America’s Health Care System is Broke

Last updated on May 13th, 2019 at 02:35 pm

Health care costs are rising at 10 to 15 percent per year, and employers are struggling for ways to pay these costs, which typically represent 15 percent of their labor costs. Many are shifting the costs to their employees by demanding high deductibles and co-pays, and in some cases contracting with HMOs who make their money more by denying care than providing it. But what else can companies do? They are competing with manufacturers in countries that have taxpayer-paid universal health care systems, and these competitors need not add health care to the costs of their products. Of course, our manufacturers can send their work abroad, but then American jobs are lost.

Rising health care costs are the result of only one thing – a medical community that has switched from being humanitarian medical centers to for-profit corporations. The industry has run amok. They are inefficiently operated, and they love it, because inefficiency is where they make much of their profits.

Medicare and private insurers are incurring 20 to 30 percent of their costs from unnecessary and inappropriate medical testing, and another 30 percent in exorbitant administrative waste. Wisconsinites are supporting 400 for-profit insurance companies compared with the ONE nonprofit contractor in each Canadian province.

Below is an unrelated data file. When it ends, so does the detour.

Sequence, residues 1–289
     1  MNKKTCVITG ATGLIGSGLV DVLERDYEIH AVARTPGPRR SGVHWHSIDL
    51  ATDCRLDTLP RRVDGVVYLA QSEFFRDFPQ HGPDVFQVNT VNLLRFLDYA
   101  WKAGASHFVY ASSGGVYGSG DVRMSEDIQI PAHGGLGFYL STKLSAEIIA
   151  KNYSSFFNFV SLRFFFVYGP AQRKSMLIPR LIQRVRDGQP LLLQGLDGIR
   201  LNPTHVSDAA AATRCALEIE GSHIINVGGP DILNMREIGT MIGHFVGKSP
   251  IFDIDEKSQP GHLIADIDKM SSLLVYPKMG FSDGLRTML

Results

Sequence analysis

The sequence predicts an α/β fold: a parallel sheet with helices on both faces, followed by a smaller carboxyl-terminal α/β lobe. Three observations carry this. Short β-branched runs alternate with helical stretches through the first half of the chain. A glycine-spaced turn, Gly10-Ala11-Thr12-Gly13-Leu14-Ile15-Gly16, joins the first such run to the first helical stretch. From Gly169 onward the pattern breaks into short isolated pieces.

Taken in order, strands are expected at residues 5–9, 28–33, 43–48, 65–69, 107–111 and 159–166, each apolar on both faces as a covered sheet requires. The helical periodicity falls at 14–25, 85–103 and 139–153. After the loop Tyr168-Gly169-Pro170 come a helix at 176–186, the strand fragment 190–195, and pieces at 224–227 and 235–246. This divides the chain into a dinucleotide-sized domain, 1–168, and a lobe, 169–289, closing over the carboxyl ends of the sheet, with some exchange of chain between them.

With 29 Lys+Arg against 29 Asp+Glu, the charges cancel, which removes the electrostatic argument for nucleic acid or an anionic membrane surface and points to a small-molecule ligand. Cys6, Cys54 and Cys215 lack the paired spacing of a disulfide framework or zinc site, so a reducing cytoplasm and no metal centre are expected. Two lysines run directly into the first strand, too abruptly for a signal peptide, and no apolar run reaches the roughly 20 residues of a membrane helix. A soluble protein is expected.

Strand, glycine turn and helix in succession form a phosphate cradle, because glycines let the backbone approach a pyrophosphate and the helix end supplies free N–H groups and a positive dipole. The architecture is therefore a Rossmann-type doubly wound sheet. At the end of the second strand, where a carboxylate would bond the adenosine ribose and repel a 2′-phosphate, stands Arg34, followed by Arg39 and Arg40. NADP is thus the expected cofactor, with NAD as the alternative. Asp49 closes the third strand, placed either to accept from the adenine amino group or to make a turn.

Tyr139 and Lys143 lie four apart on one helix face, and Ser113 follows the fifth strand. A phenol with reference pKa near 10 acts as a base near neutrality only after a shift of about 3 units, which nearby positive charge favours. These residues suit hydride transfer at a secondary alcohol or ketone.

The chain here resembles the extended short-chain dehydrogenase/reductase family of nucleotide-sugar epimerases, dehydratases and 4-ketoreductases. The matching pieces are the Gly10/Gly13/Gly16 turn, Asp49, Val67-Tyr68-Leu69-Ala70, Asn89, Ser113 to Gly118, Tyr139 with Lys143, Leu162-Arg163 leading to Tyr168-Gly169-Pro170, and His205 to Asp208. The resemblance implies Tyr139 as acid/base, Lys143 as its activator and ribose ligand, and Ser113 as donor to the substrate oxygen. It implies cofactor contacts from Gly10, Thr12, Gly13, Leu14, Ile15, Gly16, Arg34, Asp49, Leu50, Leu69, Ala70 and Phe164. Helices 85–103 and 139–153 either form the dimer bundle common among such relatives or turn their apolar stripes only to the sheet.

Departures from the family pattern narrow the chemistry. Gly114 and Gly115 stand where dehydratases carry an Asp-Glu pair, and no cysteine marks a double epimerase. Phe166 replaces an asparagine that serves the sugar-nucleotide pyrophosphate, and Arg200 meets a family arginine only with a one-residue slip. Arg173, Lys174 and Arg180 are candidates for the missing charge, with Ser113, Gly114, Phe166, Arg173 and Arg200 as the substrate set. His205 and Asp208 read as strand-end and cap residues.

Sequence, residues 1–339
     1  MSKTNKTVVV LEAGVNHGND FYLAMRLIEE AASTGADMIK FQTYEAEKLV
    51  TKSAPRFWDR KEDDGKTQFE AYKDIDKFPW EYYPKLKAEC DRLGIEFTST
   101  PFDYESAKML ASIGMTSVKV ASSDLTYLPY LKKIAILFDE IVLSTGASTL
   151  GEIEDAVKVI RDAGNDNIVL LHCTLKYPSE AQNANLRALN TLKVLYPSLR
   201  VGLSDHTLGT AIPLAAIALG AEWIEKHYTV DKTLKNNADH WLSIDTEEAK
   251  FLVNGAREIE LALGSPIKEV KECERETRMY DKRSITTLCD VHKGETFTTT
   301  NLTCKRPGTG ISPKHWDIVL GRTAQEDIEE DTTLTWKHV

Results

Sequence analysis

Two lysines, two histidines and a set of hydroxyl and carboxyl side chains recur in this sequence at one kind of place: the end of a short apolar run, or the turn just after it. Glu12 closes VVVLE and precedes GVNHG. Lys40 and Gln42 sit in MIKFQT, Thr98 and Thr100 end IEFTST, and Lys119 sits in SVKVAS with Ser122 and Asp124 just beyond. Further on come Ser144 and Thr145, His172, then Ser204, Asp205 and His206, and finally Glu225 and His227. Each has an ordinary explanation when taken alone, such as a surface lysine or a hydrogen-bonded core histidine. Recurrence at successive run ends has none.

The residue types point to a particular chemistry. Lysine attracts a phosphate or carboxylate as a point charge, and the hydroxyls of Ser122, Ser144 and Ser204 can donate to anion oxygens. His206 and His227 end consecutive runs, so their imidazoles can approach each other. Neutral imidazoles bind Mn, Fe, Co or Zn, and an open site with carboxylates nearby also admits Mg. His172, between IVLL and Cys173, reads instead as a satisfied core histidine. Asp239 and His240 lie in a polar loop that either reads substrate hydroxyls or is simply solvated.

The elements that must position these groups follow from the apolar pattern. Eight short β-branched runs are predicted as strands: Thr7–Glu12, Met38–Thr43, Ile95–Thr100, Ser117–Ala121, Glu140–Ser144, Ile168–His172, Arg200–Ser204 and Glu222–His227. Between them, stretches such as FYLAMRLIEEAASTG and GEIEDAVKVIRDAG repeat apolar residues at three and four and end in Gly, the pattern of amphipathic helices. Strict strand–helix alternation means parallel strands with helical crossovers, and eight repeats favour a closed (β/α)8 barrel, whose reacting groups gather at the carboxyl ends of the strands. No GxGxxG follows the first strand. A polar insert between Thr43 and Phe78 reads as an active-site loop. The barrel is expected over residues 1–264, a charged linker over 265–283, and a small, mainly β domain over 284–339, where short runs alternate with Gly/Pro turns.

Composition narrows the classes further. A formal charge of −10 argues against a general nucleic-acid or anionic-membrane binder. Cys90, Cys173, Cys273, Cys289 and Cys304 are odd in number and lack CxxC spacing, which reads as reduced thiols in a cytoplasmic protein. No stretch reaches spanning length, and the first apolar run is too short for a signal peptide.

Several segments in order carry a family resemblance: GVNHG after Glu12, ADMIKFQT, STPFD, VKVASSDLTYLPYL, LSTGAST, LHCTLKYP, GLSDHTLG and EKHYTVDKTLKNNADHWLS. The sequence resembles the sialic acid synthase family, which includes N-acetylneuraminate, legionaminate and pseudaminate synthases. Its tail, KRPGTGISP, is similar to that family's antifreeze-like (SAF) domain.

The 30 percent waste is not exclusive to government systems. It also exists within the private sector. It is the profit motive that is driving up health care costs, and this motivation exists on all fronts: hospitals, physicians and insurers, including for-profit HMOs.

For-profit entities are obligated by law to seek the highest profits possible for their shareholders, and cutting care helps achieve this goal.

The United States and South Africa are the only two industrialized countries that do not have universal health care for their citizens.

More than 45 million Americans, or 15 percent of our population, are totally without health care insurance and just show up at the emergency room for treatment, which is the most expensive form of rationing possible.

The E.R. charges sometimes force them into bankruptcy, where the losses are shifted to those who are insured or to the taxpayers.

More than 18,000 Americans die prematurely every year because they lack coverage – which is six times more than the victims of 9/11. Another 50 million Americans are underinsured and are a mishap away from bankruptcy and the societal costs that result.

Why do we allow this? Because our politicians are paid to allow it. It’s called "$100 million per year in political contributions given by our health care and pharmaceutical industries."

Political money got us into this mess, and eliminating political money will be the only way of getting us out of it. Unless, of course, business leaders force the issue and demand change.

The solution is a universal health care system paid for not by employers but by the taxpayers. That’s right; the system must be funded by the very same people who are paying the bill today: we the taxpayers.